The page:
• Tiered Architecture: Werner introduced a tiered structure at, outlining different cost and resilience approaches for various tiers. He also referenced a map of Amazon services, wherein each node represents a service, and the yellow areas denote hub services.


AWS Management Console myApplications: Werner unveiled a fresh dashboard in the AWS Management Console called myApplications, providing visibility into the costs of individual applications. While this introduction holds promise, it's worth noting that a significant portion of industry applications still operate on a non-microservices architecture. Some are labeled as microservices but share common components like databases, cache layers, message queues, or services, making it challenging, and in some cases, nearly impossible, to accurately gauge the cost of each application.


  • Tunable Architecture: Werner introduced the concept of tunable architecture, emphasizing the flexibility of software architecture to be dynamically adjusted during runtime. This necessitates close monitoring of both runtime conditions and business requirements.
  • CodeGuru Profiler:Werner also recommended leveraging tools such as CodeGuru Profiler to identify the most resource-intensive code blocks and receive suggestions on potential refactoring strategies.


The latter segment of Werner's keynote delved into the realm of Artificial Intelligence (AI).

Werner underscored various revenue-generating AI use cases, highlighting applications like Image Processing and Prediction. Interestingly, GenAI was briefly touched upon in the final nine minutes of his keynote. The use cases included:

  • AWS Generative AI CDK Constructs

  • Code Generation with Sagemaker Studio Code Editor

  • Amazon Q: AI Assistant featuring approximately 40 integrations

  • AWS Application Composer in VS Code

Wrapping up his keynote, Werner introduced the Amazon Inspector CI/CD Container Scanner, a tool referenced in the preceding videos.

Additional Highlights from re:Invent:

Mainframe Modernization: Being an advocate for modernization, one of my key areas of interest lies in mainframe modernization. The predominant reason for this lies in the enduring prevalence of mainframes in the industry, acting as a hurdle to fully harnessing the potential of cloud computing and innovation. Similar to the last re:Invent, this edition also placed significant emphasis on mainframe topics. For detailed sessions related to mainframe discussions, you can find the link here:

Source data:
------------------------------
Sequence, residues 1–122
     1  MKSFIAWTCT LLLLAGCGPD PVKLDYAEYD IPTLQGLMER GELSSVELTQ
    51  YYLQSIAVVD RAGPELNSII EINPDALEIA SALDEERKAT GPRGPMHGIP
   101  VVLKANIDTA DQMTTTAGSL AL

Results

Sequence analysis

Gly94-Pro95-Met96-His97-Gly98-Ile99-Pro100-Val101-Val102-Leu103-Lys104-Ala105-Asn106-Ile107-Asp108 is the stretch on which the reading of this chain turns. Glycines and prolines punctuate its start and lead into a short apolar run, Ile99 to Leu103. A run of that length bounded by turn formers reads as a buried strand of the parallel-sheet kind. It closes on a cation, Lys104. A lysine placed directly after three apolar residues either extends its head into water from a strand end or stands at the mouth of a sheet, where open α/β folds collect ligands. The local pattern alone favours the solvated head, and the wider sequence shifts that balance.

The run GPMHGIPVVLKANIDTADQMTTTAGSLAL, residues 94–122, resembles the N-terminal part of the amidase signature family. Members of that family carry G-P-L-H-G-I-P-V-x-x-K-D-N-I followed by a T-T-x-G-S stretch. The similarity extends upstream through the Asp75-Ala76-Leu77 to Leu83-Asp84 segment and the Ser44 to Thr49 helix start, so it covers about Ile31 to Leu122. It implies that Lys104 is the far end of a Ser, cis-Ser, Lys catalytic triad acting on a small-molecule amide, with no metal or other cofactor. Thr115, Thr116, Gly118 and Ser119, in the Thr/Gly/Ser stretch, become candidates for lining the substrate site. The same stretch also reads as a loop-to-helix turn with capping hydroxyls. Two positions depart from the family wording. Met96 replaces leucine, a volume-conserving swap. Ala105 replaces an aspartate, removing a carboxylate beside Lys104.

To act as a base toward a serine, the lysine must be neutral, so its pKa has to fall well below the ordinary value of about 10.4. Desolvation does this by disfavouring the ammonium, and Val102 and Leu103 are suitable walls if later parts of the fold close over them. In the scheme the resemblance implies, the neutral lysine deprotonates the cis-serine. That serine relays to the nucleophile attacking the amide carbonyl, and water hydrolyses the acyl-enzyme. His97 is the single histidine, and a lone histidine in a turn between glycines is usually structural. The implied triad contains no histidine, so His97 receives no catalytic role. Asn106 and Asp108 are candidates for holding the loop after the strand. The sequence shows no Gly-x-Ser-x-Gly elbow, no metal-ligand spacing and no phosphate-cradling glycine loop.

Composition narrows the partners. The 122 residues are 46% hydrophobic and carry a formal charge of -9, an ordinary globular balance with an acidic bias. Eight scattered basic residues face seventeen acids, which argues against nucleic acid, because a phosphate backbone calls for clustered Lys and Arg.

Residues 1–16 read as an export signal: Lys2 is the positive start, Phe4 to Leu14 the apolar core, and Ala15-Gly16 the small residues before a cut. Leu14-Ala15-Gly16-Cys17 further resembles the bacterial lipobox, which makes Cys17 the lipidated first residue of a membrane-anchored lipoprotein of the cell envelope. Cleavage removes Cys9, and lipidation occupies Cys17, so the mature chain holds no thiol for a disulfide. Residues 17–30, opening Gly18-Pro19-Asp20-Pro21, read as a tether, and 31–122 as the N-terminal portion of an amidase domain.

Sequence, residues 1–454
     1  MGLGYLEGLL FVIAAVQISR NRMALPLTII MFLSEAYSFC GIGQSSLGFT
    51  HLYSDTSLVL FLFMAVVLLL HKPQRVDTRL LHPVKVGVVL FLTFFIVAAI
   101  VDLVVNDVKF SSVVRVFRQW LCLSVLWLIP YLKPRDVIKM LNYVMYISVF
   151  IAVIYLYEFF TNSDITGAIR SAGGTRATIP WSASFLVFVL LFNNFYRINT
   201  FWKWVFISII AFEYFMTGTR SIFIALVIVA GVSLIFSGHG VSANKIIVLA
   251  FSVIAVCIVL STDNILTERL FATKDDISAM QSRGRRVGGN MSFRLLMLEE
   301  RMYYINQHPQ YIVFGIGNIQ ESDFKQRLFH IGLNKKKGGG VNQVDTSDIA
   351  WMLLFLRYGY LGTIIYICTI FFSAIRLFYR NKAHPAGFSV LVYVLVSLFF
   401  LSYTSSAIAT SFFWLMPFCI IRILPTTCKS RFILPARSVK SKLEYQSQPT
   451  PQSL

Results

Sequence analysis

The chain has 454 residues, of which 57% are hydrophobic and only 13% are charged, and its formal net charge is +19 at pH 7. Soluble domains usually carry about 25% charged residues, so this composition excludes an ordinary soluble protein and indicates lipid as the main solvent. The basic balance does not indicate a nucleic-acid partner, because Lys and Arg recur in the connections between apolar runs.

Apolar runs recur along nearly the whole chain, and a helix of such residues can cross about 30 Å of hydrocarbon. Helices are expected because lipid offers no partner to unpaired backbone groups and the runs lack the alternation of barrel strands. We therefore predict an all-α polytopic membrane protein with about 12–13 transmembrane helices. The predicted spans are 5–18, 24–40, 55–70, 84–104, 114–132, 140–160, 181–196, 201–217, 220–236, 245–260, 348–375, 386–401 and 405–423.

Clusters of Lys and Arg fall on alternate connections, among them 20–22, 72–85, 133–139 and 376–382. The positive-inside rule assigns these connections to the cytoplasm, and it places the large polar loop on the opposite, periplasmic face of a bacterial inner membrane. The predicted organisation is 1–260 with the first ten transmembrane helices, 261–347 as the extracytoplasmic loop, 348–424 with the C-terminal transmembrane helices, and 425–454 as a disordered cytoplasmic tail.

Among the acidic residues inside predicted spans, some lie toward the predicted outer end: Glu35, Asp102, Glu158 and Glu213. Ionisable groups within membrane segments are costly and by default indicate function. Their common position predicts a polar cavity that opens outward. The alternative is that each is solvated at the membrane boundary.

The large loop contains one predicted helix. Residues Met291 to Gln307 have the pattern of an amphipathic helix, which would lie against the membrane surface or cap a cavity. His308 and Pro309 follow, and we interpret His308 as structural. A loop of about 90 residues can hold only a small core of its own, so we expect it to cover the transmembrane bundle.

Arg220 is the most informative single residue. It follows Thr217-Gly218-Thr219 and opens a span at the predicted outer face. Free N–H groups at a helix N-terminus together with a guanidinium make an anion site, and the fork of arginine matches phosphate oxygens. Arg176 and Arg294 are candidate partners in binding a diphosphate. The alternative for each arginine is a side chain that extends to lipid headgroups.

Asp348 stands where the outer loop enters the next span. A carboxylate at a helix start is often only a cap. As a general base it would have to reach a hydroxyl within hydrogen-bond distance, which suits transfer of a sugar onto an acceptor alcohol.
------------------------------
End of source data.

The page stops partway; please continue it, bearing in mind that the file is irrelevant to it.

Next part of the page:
Excitingly, it has now been seamlessly incorporated into the AWS MAP. 

AWS Ambassadors @ re:Invent

As an AWS Ambassador, I cannot finish my blog post without mentioning the Ambassadors, who are industry professionals from AWS Partners. I again had the chance to meet with several existing faces and new faces and exchanged information.

As usual, there have been AWS Ambassador meetings after the sessions where we socialized and had the chance to have a chat together.

Kloia's Impact at re:Invent: 

Kloia garnered attention during a significant Application Modernization session, aligning closely with our commitment to modernization initiatives:




Two Kloia trucks made a presence on the re:Invent campus, drawing considerable attention from attendees. Congratulations to all the lucky prize winners!




In summary, much like every re:Invent, I had the opportunity to connect with spontaneous and valuable new individuals, establish new contacts, and acquire fresh insights from these connections. That's what I truly appreciate about re:Invents!


Derya (Dorian) Sezen

Derya, a.k.a. Dorian, ex-CTO of an subsidiary, is currently working as Cloud and DevOps Consultant at kloia.